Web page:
I had starter going for maybe 8 years. A nice little jar (almost a specimen cup) from King Arthur Flour. What finally killed it was neglect. I would bake 2 loaves every weekend (or the pancakes/waffles like helmutdog mentions). I'd split and give starter to all who asked. It's not a hard hobby, just need the time to keep at it. I miss it, but do lack the time to re-start.
posted by k5.user at 10:40 AM on May 4, 2016

We keep our starter in a covered cereal bowl in the fridge, developed from a dried starter ordered online. Once a week or so, I put a bit of the starter in a new cereal bowl, mix with equal flour and (non-chlorinated, bottled) water, cover with cling film and return to the fridge. I've had no problems with mold or undesirable funkiness, unlike our previous attempt with a ceramic crock from King Arthur. There are two big advantages to this method. First, the cling film is clear, so it's much easier to keep an eye on it, be reminded of its existence, and be prompted to do anything if it starts to look weird. Second, using a fresh container each cycle makes it much easier to avoid mold. I chose cereal bowls because they're a good size for the amount we need to keep around and we have a bunch of them.
posted by jedicus at 11:13 AM on May 4, 2016 [3 favorites]

In short: There is no reason to engage in a burdensome feeding regimen.

Yup, this. I keep mine in a Tupperware container in the fridge. It's only about 100 grams and I feed it when I bake -- maybe twice or three times a week.

They're really hard to kill, though if they get sluggish from disuse, you may have to refresh it a few times to get it back to full vigour.

I just made mine out of flour and water. Took about a week. Easiest thing in the world.
posted by PeterMcDermott at 11:37 AM on May 4, 2016

The one tip I would pass on though -- to anyone who's aiming for sourdough perfection. Screw all that messing about with tiles in the oven and water sprays. Baking my sourdough in a iron Le Creuset casserole dish is the one thing that allowed me to get predictably great bread.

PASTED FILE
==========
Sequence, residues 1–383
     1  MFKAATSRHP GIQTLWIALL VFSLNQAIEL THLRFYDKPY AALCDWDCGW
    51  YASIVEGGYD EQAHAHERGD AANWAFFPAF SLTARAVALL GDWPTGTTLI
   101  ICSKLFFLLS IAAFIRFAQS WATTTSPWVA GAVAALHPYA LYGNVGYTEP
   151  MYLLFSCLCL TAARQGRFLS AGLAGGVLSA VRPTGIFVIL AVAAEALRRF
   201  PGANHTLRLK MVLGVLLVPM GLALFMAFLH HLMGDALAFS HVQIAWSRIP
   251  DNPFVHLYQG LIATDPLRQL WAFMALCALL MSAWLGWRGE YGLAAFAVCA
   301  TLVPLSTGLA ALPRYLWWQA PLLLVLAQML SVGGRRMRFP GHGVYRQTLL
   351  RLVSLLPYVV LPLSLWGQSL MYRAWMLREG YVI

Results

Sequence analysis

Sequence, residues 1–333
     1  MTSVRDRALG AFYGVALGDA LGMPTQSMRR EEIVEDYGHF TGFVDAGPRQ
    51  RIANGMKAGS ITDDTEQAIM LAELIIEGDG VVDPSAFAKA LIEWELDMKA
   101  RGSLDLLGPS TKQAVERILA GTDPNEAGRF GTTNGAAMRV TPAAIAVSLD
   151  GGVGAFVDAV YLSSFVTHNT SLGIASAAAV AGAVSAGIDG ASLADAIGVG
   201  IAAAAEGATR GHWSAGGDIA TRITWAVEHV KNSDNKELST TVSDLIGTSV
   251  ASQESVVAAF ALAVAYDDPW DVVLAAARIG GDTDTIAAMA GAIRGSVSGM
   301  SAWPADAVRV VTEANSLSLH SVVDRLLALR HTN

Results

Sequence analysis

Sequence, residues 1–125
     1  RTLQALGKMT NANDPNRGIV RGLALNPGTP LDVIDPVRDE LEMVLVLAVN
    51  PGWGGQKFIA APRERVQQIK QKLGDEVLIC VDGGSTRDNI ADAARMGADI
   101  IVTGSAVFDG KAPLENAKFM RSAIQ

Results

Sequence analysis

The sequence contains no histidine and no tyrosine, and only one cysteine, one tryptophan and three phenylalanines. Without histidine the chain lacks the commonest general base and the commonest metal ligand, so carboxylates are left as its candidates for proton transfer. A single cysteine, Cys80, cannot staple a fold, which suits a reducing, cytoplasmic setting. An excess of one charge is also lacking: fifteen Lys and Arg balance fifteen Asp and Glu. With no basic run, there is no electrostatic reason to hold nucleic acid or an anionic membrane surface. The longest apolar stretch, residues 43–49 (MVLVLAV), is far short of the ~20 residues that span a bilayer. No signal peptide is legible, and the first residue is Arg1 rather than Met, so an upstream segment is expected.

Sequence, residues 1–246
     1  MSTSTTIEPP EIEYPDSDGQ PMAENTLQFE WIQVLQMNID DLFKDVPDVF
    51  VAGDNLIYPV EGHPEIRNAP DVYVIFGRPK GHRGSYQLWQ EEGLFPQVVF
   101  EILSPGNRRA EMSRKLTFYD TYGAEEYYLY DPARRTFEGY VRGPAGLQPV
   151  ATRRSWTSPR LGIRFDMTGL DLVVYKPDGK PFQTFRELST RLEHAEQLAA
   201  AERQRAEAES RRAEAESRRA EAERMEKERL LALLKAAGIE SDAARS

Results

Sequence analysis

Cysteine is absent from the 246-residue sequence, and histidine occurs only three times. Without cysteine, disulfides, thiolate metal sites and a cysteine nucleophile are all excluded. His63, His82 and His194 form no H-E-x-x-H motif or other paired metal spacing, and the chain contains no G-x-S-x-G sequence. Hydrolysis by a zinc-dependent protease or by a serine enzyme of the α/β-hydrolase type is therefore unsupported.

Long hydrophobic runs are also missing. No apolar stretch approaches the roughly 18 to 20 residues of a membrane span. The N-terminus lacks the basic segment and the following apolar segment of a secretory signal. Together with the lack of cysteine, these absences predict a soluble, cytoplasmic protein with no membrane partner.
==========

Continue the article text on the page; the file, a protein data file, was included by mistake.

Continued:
No steam necessary.
posted by PeterMcDermott at 11:46 AM on May 4, 2016 [1 favorite]

To give you an idea how old my partner's starter is, it's named Ellsworth, after the character in Deadwood, which we were watching at the time during its initial run.
posted by aught at 12:27 PM on May 4, 2016

I cheated and started mine with a pinch of commercial yeast. It's more of a poolish really. Keep it in the fridge, still works fine, I can go two weeks without baking and it doesn't die. Seem to get all the flavor benefits, though it's not as sour as proper San Francisco sour dough.
posted by Diablevert at 12:42 PM on May 4, 2016

If you've had it for any length of time, none of that commercial yeast strain is left anyway. It's not capable of surviving long-term in that environment.
posted by slkinsey at 12:59 PM on May 4, 2016

That's what I figured, but starting it with commercial gave me confidence that it would actually work and I wouldn't have the mold issues that set the second writer into such a tizzy. I mention it just in case people are reading that piece and deciding it's all too much of a hassle --- for me, mix of half water half flour and a tiny pinch of Fleischman's left overnight worked fine. Plunked it in my fridge the next day, been using it ever since. Did add a bit more yeast once when I was worried it was getting rather slow.
posted by Diablevert at 1:08 PM on May 4, 2016

My sourdough starter started as a poolish--I didn't realise that the recipe created three times the amount needed, and I figured I'd see what happened if I held on to it for a while. That was five months ago, and since then, I bake bread every week or two. Despite my laziness (I forget to feed it, sometimes, and use tap water instead of fancy water, and...) it seems to be going well enough, and the bread is great, which is hard to argue with. I'm thinking that this weekend I'm going to see if I can make a brioche with starter instead of yeast--fingers crossed.
posted by mishafletch at 1:24 PM on May 4, 2016

Metafilter, are you reading my mind? I have been thinking about making my own starter and have actually put it on my list of things to seriously research this week at work.

I'm not an everyday baker - or even an everyweek baker - so I appreciate these tips on how to keep a starter happy and useful if it's not touched for a while.